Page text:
In the modern, interconnected world, you can learn a lot about your users. Your app can gain insights about where they are geographically, what device they’re using, and plenty more based on in-app data they enter. You can then take all of this information and divide your users into conceptual target groups. From there, you can selectively enable features, depending on particular attributes about them.
The end result? You can give your users the sense that your app was designed specifically for them. Turn off advanced features for new users. Have a larger default font size for elderly users. Show different in-app content depending on geographical relevance. You get the idea.
The more you can learn about your users, the better you can make their experience.
Leverage A/B Testing
Just as you can segment your app based on properties about the user, you can segment it for other reasons as well. Reasons like running experiments, for instance.
Why would you want to run experiments? Well, for starters, it lets you replace outmoded ways of guessing what your users prefer. Historically, many organizations would have focus groups or even proxy ‘experts’ that would speak to users’ desires and preferences. But why do that when you can just test for yourself?
The Lean Startup has many valuable lessons for startups and enterprises alike. And one of those is that there’s just no substitute for field data. You can ask people if they’d buy something or not, sure. But they might humor you or they might simply fib for whatever reason. A better way to see if people will buy? Actually offer it to them for sale and see what happens.
A/B testing uses this concept to run experiments in the wild. You can show users two different versions of a landing page, for instance, and see which one converts better or which one more users engage with. Then, once you have that data, use it to determine which page “wins.”
You can use feature flag management systems to run A/B testing experiments with your users. This can help you improve conversions, sure. But it can also help you create a significantly better experience for your users.
Abide by the Principle of Least Astonishment
For the last point I’ll mention, let’s look at something both more philosophical and foundational. So far, we’ve looked at three main ways to make your app user experience better for your users: discoverability, individualization, and via experiments. These things are both valuable and specific. But what about the general case? How can you, heuristically, know whether a given individual decision will help your app’s user experience?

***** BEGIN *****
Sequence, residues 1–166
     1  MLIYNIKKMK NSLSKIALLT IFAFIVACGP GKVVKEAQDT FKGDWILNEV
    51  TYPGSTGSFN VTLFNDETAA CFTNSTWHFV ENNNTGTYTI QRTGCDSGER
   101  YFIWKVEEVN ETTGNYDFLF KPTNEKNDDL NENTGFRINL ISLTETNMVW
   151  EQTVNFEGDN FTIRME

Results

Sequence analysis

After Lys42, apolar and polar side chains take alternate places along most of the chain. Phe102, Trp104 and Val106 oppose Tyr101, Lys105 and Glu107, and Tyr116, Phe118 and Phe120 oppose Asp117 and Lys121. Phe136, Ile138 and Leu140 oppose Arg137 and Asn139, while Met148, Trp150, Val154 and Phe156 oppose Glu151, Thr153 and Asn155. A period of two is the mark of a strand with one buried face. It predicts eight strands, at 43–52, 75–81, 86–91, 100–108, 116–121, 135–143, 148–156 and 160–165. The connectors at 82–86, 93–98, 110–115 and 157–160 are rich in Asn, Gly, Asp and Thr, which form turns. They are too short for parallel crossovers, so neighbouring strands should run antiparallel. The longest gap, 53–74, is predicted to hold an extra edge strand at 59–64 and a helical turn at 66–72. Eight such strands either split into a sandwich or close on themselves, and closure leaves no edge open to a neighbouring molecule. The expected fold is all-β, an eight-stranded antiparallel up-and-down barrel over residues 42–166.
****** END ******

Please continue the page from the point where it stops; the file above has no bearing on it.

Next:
Well, you should abide by the principle of least astonishment. Simply put, this means you should design things to behave the way your users would naturally expect them to behave. Or, conversely, it means you shouldn’t design things in a way that would cause surprise and astonishment among your users.
For example, imagine designing an in-app chat facility. If you made it so that users sent messages by hitting the shift key (instead of enter or clicking a send button), you would astonish them. They would flounder, not knowing what to do, and eventually have to look it up (or “read the manual”). This can, at times, mean walking a fine line between introducing slick new designs and doing things the way people are used to, even when that might be a bit inferior.
But the reason I list it last and perhaps more importantly is that following the principle of least astonishment requires you to consistently and constantly empathize with your users. You always have to channel them, wondering how they’ll react. You have to understand them deeply and keep them top of mind. And, in the end, that’s what good user experience is all about. That’s what separates the beloved apps from the ones blaring obnoxious audio at you in a waiting room.